Hello and welcome to another edition of the bulls vs the bears. Today we are going to start a new series learning how to manage multiple trading positions scaling in and out. And please I’m not talking about checking your weight on a scale. We’re talking about a different kind of scale here.Basically we are going to get creative by managing multiple trading positions. Except that we won’t gung-ho like gamblers. we’ll apply risk management principles that most of you already know about.
Before you tackle the scaling series there are a few things you need to do. You need to know how to set proper stops like the back of your hand. And must know how to calculate position sizes to a tee. If you haven’t mastered these two trading skills, learn them fast. Or else you will be pulling your hair out trying to figure out what’s going on in this series.
So with much ado we’re going to do what we always do. We’ll define what Scaling is. And then we’ll figure how to scale in and out of trades. But first off:
What is Scaling?
Scaling simply means adding or removing figures from your open trading position. You use scaling to adjust your risk, lock in profits, or maximize your profit potential. Of course there are side effects of scaling which we will be touching on later.
How Do I Benefit From Scaling?
It’s more psychological if you ask me. For one thing you don’t need to be super perfect in your entry or exit. It’s important you get this in your head because it’s difficult predicting the price action or the exact turning point of the forex market. You’d have to be Albert Einstein To get the perfect entry point all the time. You keep trying to be like Einstein and you’ll be setting yourself for a huge crash. There can only be one Einstein
The best way to protect your head is to identify an area of potential support/resistance, momentum change, breakout, e.t.c. Just take your position in little chunks around these areas and then lock your profits. Locking your profits must also be accompanied by a properly executed trailing stop. This will definitely take the pressure of your shoulders. And it can also help safeguard your profits in case the forex market does a sharp 360 on you. Of course the more you add to your position the more profits you rack up as the market runs in your direction.
I gues the elephant in the room is:
What Are The Side Effects of Scaling?
First You risk over-risking your money. By that you increase your risk. Don’t forget that you are not just a profit maker. You are also a risk manager. And if you don’t scale properly you risk wiping out your account. News Flash! I’m gonna show you how to add to your open position in our next segment.
Second , when you subtract from your open position you reduce your maximum profit potential. I’m sure you’re like”Why will I want to do that?” Like I said you are a risk manager not a gambler. So it makes sense to leave some money on the table for later.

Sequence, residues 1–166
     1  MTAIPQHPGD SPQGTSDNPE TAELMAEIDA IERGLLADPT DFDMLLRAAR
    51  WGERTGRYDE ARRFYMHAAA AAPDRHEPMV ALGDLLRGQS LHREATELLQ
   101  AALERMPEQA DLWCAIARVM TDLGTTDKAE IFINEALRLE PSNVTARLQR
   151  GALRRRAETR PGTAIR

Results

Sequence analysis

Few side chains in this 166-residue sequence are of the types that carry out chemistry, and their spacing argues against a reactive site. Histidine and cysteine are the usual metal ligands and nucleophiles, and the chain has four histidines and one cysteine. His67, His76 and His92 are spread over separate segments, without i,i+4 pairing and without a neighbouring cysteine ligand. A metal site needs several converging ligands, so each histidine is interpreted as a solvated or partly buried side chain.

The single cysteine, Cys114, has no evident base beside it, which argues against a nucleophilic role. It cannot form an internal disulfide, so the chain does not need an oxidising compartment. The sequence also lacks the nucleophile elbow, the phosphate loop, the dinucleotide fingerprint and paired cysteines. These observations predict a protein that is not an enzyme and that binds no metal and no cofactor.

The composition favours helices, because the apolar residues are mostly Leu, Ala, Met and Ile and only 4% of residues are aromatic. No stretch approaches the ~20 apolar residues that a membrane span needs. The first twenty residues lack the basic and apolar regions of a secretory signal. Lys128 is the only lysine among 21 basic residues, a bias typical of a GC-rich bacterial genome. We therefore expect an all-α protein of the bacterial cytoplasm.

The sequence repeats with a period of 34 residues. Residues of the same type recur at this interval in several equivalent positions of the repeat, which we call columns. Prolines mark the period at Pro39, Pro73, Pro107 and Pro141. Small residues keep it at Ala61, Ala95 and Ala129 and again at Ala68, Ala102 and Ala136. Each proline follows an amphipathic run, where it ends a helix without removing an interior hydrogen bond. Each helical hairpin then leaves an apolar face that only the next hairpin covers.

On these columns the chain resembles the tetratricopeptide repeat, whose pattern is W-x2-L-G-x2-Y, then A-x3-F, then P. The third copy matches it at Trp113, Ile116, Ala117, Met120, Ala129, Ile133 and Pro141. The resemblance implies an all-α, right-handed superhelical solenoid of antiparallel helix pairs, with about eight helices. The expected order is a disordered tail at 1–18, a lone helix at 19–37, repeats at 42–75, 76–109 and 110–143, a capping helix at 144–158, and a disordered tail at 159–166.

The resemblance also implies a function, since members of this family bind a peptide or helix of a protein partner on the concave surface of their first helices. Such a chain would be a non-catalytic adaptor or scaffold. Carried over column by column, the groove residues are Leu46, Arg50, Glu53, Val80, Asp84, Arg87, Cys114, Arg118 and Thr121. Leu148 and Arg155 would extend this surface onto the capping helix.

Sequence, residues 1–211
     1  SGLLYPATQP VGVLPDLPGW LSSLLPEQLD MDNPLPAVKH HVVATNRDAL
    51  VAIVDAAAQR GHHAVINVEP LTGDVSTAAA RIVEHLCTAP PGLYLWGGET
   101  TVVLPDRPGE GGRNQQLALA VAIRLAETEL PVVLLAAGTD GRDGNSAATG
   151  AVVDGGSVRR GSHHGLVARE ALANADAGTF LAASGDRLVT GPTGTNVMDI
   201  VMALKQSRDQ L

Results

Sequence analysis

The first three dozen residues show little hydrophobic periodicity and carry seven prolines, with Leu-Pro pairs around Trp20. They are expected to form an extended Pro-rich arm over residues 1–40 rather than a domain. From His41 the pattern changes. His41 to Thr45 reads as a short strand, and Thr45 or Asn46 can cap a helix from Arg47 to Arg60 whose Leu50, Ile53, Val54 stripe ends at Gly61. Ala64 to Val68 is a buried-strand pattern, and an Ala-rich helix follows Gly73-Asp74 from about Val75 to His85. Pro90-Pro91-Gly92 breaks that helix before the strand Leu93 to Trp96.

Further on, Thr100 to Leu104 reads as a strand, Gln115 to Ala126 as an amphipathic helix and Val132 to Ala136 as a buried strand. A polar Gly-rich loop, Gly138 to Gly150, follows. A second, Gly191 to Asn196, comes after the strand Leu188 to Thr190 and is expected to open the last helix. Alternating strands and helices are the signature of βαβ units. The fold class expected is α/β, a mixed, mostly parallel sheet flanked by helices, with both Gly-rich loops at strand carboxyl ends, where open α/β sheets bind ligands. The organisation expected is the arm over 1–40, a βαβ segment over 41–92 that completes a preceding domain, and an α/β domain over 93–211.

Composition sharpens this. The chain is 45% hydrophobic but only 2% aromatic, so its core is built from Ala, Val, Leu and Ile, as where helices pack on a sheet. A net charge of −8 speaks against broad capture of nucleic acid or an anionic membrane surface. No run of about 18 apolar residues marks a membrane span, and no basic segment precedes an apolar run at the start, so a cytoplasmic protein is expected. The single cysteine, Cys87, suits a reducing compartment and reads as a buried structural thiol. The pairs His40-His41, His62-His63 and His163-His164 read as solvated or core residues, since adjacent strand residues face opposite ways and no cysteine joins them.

Now to the main agenda for the day:
How To Scale In Trading Positions
Before I show you how, you need to follow the following rules”
- You need to put in a stop loss or you account will go up in smoke
- Your position entry levels must be planned in advance before you enter your trade
- Your position sizes must also be calculated in advance. And make sure you are comfortable with your risk levels – i.e you must decide on how much money you can afford to part with.
Now onto the matter at hand
Ladies and gentlemen, we have a scaling in situation taking place in a breakout situation. Now as you can see the bears broke out of the consolidation trap after taking a breather. Now how did that happen? The pair dipped lower from 1.3200and then got caught in the consolidation trap between 1.2900and 1.300. Luckily they managed to breakout for slopes at that level. The pair then dip further at 1.2700 and 1.2800 before retracing to the level of recent consolidation
Now assuming you are not Einstein enough to pick the exact exact entry point, You can consider the following options:
You can put in a sell order at the support-turned -resistance level of 1.2900. The problem with this option is that the pair may climb higher, and you could miss out on a juicier price.
In that case take a chill pill while the pair reaches the 1.2900 level. However, if you wait for the market to hit this level then you risk the market turning on you and going the opposite direction- which is further down. And you could miss the return to the downward trend.
Take another chill pill while the currency pair tests the resolve of the resistance area. Once they move back below 1.2900 area, you make your grand entry. This tells you the bears are back on the saddle. Again the downside to this option is that you miss out on entering at a better price.
Wanna jump in on a better price? How about jumping in at both 1.2900 and 1.300. Just make sure it’s part of your trading plan. Even more important make your calculations in advance or else your account will fry to pieces.
Now let’s look at another trade setup which combines everything we’ve talked about.
Here is the price action involving the EUR/USD pair. You can make your entry at the 1.2900 level we mentioned earlier. Even if the market climbed higher, leaving your position in the lurch, you could still enter at 1.300 assuming you stay within your risk parameters. If the market took a dip after triggering both trading positions, you would have achieved you risk /reward ratio(Let’s say it’s 1:1).
We also notice a huge chunk of the trading position was entered at 1.300. Now this seems like a favorable price. Why? because even if the market took a dip you will still make a handsome profit. Not bad for a day’s work.
That’s a wrap for “How To Manage Multiple Trading Positions Scaling In and Out ”. Next week we’ll continue our series scaling by touching on Scaling Out of Trading Positions
Til next time take care.
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